Low level garden walls are great for creating all sorts of garden features such as raised beds, enclosing a patio or even as part of a BBQ build.
Building a garden wall, as long as it is low level and is not required to be retaining, should be achievable for the average DIYer. Anything bigger than 900mm or for a retaining wall higher than 600mm really requires professional advice. This still leaves lots of scope for improving your outside area with a garden wall.
Even if you don’t have any bricks at present, (and we know its hard to get them at the moment) preparing for your job is key to success. While you have time, thoroughly research what needs to be done. Why not check out our video? Time spent in preparation of the ground and checking levels will never be wasted, when it comes to being satisfied with the finished wall. If you are a novice its even worth building a practise wall; most bricklayers have years of experience so don’t expect to get it perfect first time!
The video will guide you through building any small garden wall.
Think about how you want the wall to look and choose your bricks accordingly. You can use engineering bricks, facing bricks (most common) or even concrete blocks.
Engineering bricks are specifically made to improve the technical and structural performance of a wall but are not used for their appearance. Facing bricks are used for their appearance coming in a wide range of colours and textures, providing the perfect choice whether you are looking for a classic or contemporary finish.
- Brick trowel
- Old board
- Tape measure
- Spirit level
- Brick/string line
- Club hammer
- Stiff brush
Follow these easy 5 steps
- Dig the foundations. Your first and most important task is to lay the wall’s foundation. Mark out the line and position of the wall and then dig out the foundations. Dig a trench (approx. 200mm deep and 300mm wide) where the wall will be. The width of the foundation should be 250mm wider than the wall you intend to build and the wall should be built in the centre of the foundations making sure that the distances A and B are the same.
Tamp down the bottom (Jargon Buster all tamp down means is to pat, press, or pack some loose substance down.) The blocks will be laid in the centre of this area. To get a nice neat trench, use wooden pegs and string to mark out the trench and to check your levels. If you have one it’s a good idea to use a sprit level to ensure the tops of the pegs are level.
- Prepare the foundations. Infill the trench with a 100mm layer of compacted hardcore (Jargon Buster -Hardcore is a mass of solid, not easily degraded materials of low absorbency that are used to create a base for heavy load-bearing stone and concrete floors). Fill in the rest of the space with concrete. For foundations, a mix of 1 part cement to 3 parts sand to 6 parts aggregates can be used. Don’t make too much cement in 1 go otherwise you will find it drying out before you need it. Don’t forget to wear protective clothing including a facemask to protect yourself from any dust. Its important that the foundation trench is dug with a flat smooth bottom and the thickness of the concrete is the same throughout the length of the foundation or you can lay some concrete slabs as shown in the video.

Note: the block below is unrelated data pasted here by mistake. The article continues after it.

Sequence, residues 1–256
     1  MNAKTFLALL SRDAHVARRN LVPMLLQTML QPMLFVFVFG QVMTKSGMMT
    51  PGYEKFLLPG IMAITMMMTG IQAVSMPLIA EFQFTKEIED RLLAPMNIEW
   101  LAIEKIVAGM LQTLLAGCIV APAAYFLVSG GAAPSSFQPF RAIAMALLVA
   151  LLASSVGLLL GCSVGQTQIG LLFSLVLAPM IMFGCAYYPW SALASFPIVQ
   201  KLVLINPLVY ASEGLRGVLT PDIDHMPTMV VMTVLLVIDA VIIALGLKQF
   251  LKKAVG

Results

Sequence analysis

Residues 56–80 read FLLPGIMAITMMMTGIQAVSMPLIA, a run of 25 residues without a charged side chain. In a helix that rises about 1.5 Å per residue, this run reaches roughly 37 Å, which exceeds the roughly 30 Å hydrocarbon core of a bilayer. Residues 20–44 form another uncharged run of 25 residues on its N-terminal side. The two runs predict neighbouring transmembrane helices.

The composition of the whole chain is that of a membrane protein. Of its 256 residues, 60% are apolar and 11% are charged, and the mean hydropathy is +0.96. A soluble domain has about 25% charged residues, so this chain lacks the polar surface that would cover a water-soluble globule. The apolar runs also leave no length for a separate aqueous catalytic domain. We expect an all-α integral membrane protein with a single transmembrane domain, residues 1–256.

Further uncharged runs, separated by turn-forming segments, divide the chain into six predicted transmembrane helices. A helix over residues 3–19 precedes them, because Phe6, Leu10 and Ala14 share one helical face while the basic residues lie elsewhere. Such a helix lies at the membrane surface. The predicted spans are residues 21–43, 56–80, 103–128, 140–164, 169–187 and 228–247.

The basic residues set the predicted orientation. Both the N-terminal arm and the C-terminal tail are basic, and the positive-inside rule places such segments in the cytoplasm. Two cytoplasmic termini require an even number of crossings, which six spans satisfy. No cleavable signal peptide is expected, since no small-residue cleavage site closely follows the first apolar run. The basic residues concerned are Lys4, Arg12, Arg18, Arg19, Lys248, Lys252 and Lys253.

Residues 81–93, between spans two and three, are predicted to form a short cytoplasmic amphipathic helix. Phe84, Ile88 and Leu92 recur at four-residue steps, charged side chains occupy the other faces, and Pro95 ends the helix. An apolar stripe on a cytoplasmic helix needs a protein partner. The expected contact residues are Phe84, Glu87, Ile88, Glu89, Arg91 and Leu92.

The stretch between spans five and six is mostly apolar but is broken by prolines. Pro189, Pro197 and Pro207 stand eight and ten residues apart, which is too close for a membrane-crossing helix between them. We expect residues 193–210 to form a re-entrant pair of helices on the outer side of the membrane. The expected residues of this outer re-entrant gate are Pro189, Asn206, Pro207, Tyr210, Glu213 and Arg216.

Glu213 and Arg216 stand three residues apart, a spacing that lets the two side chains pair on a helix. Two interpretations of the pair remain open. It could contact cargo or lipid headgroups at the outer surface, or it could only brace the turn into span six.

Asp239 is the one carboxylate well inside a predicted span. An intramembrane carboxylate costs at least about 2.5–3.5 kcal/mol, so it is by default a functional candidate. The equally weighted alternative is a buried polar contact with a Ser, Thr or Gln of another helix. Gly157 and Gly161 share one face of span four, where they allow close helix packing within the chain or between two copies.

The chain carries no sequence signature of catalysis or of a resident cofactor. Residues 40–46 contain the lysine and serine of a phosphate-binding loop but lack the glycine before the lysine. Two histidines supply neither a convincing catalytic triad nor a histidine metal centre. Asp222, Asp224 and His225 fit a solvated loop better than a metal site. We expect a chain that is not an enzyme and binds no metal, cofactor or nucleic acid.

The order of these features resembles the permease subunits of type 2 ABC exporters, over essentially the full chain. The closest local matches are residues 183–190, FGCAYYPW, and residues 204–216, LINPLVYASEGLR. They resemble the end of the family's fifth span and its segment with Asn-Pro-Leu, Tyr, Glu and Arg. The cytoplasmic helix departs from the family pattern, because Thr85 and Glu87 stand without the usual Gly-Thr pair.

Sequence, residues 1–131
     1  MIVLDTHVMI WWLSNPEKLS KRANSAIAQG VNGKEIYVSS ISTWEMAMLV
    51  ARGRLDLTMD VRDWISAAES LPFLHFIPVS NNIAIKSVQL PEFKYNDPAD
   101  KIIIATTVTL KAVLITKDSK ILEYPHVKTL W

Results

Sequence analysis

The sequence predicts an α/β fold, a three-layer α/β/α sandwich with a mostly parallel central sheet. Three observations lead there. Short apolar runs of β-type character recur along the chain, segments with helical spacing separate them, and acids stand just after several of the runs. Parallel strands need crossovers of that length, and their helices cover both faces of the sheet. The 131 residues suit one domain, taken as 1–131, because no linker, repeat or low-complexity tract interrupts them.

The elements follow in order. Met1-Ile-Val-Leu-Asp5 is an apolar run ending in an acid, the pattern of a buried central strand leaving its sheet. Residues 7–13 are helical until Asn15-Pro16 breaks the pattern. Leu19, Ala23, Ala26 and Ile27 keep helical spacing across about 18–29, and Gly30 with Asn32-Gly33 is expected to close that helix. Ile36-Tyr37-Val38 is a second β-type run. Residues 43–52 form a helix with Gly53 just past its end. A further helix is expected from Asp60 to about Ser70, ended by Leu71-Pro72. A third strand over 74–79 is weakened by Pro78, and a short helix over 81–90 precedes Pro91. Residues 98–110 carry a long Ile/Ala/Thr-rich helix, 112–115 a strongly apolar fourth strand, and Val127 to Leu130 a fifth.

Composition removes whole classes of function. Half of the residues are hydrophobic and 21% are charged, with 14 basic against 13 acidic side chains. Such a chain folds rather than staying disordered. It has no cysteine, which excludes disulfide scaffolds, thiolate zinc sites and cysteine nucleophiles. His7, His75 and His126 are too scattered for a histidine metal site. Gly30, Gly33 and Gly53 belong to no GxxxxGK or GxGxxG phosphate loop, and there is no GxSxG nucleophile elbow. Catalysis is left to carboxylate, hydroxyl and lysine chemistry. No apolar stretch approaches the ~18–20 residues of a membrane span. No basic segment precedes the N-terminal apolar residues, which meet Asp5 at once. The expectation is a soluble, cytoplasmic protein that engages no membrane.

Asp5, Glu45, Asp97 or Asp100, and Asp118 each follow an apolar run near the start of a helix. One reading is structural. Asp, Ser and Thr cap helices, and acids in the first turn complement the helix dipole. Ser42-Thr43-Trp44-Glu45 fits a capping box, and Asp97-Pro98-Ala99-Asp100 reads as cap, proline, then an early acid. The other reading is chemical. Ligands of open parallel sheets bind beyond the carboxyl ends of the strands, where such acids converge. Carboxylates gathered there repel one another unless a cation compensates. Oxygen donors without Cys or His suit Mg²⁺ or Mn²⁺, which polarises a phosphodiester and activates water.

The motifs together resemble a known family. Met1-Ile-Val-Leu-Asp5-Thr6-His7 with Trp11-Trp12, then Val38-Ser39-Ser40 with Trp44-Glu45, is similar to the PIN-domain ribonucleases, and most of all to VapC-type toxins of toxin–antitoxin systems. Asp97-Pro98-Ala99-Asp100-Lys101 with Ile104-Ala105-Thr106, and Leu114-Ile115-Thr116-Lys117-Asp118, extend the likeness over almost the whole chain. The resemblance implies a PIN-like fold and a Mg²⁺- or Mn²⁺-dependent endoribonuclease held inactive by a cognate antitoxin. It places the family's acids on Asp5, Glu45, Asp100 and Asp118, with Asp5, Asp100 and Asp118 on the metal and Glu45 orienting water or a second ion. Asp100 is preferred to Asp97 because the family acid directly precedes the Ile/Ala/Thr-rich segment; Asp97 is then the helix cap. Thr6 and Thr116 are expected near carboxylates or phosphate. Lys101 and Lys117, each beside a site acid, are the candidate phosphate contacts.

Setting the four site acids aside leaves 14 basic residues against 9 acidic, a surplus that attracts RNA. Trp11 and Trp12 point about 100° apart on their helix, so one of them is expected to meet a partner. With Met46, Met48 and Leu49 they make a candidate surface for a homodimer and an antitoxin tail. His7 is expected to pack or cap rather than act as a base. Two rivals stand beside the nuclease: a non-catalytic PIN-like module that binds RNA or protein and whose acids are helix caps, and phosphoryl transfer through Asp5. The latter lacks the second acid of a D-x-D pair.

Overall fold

- Build one course at a time. Stretch a building line (or length of string pulled really tight) from one end of the foundations to the other. Using a trowel, spread mortar (4 parts building sand to 1 part cement) evenly over the foundations and then over the blocks of each course. The mortar should slightly exude from between the joints (10mm) and any surplus should be removed with the trowel. Fill vertical joints as you go by applying mortar to one end of the block before positioning it adjacent to the previously laid block. Build one course of bricks at a time, checking with a spirit level vertically, horizontally and diagonally. Remove excess mortar so it does not stain the face of the block.
- Lay in a stretcher bond. The blocks should be laid in a stretcher bond using half blocks at the end of each course. Stretcher bond uses 60 bricks to the square metre in a half-brick, or single skin wall and 120 to construct a double skin, or One-brick wall. Bricks generally have an indent or frog and this should be laid upwards and filled with mortar.
- Top the wall with matching coping. Using a pointer trowel, smooth and finish the mortar joints.
Most of all take your time – the wall will be there for along time if its done well so take care if you are new to brick laying and you will have a garden wall to be proud of.